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Author Topic: Lois Lane vs. Carol Ferris  (Read 7197 times)
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JulianPerez
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« on: February 21, 2007, 06:55:01 PM »

In some ways, the Carol Ferris/GL dynamic has much more longevity (and is better thought through) than the Superman/Lois relationship.

I've often wondered why exactly it is Superman in his heroic identity can't get together with Lois. Superman and Lois are both consenting adults. "You like me? Well, I like you. Let's have dinner sometime" (which was in fact, what actually happened come the late seventies where Len Wein and Marty Pasko had Lois and Superman go on dates). Unlike with Lois, however, there's a very good reason that Hal Jordan doesn't woo his gal-pal in the identity that she would like to be wooed: Hal Jordan believes that Carol Ferris's attraction to GL is nothing more than an infatuated fascination with a unique individual. Note in GL #2 (1960) Hal as much says so: "I can't believe that her feeling for GL is anything more than fascination..."

In other words, Hal doesn't think Carol's sincere. That's why Carol can't get together with GL. But why not her and Hal? The reason is because Carol is Hal's BOSS - Carol Ferris obviously is quite attracted to Hal, but she doesn't give in because it would be deeply unprofessional. Carol has something to prove both to her father and as a woman in the business world and she overcompensates. That's the long term reason, but in the short term, the reason Hal and Carol don't get together is because Hal is always sabotaged by having to be Green Lantern.

This reminds me less of Spider-Man, but much more like the funny "human interest/day in the life" Wally Wood THUNDER AGENTS stories of the middle sixties, where Dynamo might have a kickass power belt, and a sweet (though nowhere near high paying) job as a THUNDER Agent, but the poor guy couldn't buy a break.

(It's interesting to compare GL and Spider-Man. Both are men that have a heavy responsibility because of their powers, and often catch themselves cursing it for interfering in their lives. The difference is, Hal is a virile active action guy and Peter Parker is something of a nebbish; Hal is an adult with an established career whereas Pete is not established in the world and is prevented from doing so by Spider-Man's duties. It's very likely that if Hal had gotten the ring at Peter's age, he'd have Peter's money and personal problems too. Alternatively, if Pete had gotten bitten by that spider after skipping adolescence and becoming a famous chemist, he might be much more like Hal Jordan.)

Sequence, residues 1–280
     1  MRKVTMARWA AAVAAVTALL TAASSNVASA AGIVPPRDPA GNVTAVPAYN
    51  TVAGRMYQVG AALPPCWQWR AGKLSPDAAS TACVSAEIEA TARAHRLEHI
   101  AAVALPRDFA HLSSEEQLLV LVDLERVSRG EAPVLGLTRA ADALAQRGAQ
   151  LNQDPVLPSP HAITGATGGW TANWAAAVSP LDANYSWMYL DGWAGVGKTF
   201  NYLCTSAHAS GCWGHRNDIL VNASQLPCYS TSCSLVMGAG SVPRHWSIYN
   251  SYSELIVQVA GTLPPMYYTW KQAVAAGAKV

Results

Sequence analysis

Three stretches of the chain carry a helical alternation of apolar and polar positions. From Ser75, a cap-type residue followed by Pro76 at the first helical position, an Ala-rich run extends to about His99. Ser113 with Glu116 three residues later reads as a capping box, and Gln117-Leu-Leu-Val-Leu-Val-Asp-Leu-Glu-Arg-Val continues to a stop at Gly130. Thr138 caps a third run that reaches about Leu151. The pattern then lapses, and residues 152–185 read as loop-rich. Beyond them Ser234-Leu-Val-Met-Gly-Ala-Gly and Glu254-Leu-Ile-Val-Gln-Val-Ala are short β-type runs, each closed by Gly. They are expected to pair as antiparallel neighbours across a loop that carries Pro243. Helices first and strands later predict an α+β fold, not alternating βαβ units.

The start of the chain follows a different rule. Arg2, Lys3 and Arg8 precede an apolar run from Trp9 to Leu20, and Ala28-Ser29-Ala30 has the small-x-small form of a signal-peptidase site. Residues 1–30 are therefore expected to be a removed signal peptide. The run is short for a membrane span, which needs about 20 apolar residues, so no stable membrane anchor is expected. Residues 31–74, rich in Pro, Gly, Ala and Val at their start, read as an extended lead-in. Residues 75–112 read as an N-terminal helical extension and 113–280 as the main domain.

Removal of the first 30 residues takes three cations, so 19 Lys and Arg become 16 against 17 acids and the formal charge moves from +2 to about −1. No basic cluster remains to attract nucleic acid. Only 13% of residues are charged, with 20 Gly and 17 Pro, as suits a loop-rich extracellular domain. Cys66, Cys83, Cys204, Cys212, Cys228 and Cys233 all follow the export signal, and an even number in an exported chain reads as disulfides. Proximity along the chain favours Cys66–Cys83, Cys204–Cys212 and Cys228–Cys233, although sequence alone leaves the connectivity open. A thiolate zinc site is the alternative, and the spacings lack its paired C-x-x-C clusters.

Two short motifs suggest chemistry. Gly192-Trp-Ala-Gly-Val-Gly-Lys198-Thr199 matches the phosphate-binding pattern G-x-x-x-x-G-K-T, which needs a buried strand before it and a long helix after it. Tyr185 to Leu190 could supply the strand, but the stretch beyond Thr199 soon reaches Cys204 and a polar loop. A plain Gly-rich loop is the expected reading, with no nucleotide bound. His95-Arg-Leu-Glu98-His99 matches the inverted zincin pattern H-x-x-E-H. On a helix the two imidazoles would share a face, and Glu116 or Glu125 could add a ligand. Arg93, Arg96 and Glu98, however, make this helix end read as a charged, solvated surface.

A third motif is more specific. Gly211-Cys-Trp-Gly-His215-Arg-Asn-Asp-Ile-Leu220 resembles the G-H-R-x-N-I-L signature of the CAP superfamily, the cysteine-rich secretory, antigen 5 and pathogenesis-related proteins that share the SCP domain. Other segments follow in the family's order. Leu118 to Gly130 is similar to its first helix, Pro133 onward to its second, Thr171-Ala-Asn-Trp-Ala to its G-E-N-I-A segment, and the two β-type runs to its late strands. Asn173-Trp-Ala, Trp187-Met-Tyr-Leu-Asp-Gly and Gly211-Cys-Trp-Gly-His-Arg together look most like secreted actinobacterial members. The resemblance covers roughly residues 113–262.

Carol Ferris, like Lois Lane, seeks to prove that GL and Hal are one and the same, but I get a sense that this is done for a fundamentally different reason than why Lois does. Hal is, unlike Clark Kent, serious competition and a rival for Carol, and Carol loves Hal Jordan...and if the two were the same, it's win-win from Carol's perspective.

Lois Lane always tries to marry Superman, just as Carol did...but you get a sense with Lois that she wants to marry Superman because she longs for domesticity (just about every Silver Age story with them married has Lois become a housewife and leave her job) whereas Carol is a go-getter type, and impulsive; it often seems as if Hal is trying to protect Carol from herself.

Though I don't agree with this view 100%, the strongest piece of evidence I can think of for the Len Wein belief that of the two identities, Kal-El identifies most with Clark Kent...is that Superman chooses not to be with Lois Lane.

Likewise, Hal Jordan goes out with lots of women as GL, none of whom really have names...and why not? Lantern's a famous superhero. I find it interesting, however, that even though Hal uses his superhero prestige to get dates with starlets and debutantes, he NEVER went after Carol.as GL...perhaps because he feels differently about her than these other women.

It may be interesting to speculate why Superman doesn't do the same...it may just be that Hal Jordan is an extroverted playboy type and Superman is much more humble.